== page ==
Point out that parents who understand the abilities and characteristics of each child are better able to discipline their children. Invite a participant to read the following counsel, given by Elder James E. Faust while he was serving in the Quorum of the Twelve Apostles (page 49 in the Marriage and Family Relations Participant’s Study Guide):
“One of the most difficult parental challenges is to appropriately discipline children. Child rearing is so individualistic. Every child is different and unique. What works with one may not work with another. I do not know who is wise enough to say what discipline is too harsh or what is too lenient except the parents of the children themselves, who love them most. It is a matter of prayer-ful discernment for the parents. Certainly the overarching and undergirding principle is that the discipline of children must be motivated more by love than by punishment” (in Conference Report, Oct. 1990, 41; or Ensign, Nov. 1990, 34).
What experiences have helped you understand that discipline must be given according to each child’s needs and circumstances?
Point out that one of the most important things parents can do is to provide an atmosphere of love, friendship, and happiness in their home. Share the following statements:
While serving in the Quorum of the Twelve Apostles, Elder Gordon B. Hinckley said: “How fortunate, how blessed is the child who feels the affection of his parents. That warmth, that love will bear sweet fruit in the years that follow” (in Conference Report, Oct. 1978, 25; or Ensign, Nov. 1978, 18).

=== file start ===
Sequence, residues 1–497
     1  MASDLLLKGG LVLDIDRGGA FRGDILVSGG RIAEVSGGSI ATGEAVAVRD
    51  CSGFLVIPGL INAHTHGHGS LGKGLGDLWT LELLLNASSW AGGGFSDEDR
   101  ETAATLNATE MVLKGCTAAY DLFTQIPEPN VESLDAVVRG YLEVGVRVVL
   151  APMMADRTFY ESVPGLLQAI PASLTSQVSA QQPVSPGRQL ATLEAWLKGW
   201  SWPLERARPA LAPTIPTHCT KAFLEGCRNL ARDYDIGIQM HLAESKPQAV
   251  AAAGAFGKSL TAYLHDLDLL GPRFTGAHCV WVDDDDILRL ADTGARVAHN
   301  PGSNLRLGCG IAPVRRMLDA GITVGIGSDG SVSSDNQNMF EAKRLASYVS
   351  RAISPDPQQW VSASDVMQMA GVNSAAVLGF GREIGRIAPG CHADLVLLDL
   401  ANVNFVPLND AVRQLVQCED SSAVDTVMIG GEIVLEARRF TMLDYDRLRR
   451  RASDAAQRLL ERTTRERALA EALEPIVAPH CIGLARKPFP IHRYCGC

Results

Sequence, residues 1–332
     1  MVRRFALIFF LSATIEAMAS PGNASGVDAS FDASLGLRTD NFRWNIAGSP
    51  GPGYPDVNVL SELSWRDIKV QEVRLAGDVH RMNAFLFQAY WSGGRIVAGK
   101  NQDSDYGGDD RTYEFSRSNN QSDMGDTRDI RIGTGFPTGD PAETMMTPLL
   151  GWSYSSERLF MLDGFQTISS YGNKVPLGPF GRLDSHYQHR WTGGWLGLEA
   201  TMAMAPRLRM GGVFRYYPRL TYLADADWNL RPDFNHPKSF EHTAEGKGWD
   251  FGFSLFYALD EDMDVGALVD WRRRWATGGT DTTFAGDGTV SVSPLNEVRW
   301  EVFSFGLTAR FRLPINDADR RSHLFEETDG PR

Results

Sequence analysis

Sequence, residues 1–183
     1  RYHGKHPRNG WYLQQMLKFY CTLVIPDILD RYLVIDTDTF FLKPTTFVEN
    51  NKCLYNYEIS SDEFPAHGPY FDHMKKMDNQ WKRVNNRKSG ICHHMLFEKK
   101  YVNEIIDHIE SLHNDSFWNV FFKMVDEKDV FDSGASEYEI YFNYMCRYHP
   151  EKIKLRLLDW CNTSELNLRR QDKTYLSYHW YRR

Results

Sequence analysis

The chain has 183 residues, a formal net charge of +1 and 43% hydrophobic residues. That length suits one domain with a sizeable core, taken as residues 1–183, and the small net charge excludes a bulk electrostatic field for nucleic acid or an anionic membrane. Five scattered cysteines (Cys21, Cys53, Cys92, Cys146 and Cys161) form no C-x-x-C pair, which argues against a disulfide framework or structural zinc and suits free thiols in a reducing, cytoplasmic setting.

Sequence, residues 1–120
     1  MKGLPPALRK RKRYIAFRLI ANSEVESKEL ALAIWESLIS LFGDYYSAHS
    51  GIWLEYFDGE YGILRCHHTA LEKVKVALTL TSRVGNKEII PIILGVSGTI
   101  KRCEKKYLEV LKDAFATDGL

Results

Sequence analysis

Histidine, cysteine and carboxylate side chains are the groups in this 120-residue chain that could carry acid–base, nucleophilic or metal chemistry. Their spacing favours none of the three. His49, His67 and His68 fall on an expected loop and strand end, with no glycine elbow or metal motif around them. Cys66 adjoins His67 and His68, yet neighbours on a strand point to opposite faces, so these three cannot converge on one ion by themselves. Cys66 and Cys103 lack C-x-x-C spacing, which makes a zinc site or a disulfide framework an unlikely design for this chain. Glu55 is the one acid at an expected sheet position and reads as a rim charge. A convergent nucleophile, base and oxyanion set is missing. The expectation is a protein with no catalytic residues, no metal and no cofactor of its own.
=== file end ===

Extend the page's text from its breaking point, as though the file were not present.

Elder Marlin K. Jensen of the Seventy said: “Like so much of what is worthwhile in life, our needs for friendship are often best met in the home. If our children feel friendship within the family, with each other, and with parents, they will not be desperate for acceptance outside the family” (in Conference Report, Apr. 1999, 81; or Ensign, May 1999, 64).
What do you recall from your childhood that helped you feel loved? In what ways have these feelings of love influenced you throughout your life?
What can parents do in their homes to help their children know that they love them?
Point out that as parents strive to have a loving relationship with their children, good communication is vital. Elder M. Russell Ballard counseled: “Nothing is more important to the relationship between family members than open, honest communication. This is particularly true for parents trying to teach gospel principles and standards to their children. The ability to counsel with our youth—and perhaps more importantly, to really listen to their concerns—is the foundation upon which successful relationships are built. Often what we see in the eyes and what we feel in the heart will communicate far more than what we hear or say” (in Conference Report, Apr. 1999, 114; or Ensign, May 1999, 86–87).
What can parents do to communicate well with their children? (Answers may include those in the following list.)
Be a tireless listener. As necessary, repeat what you understand from what the children say. This will show them that you really are listening and will help you be sure that you understand.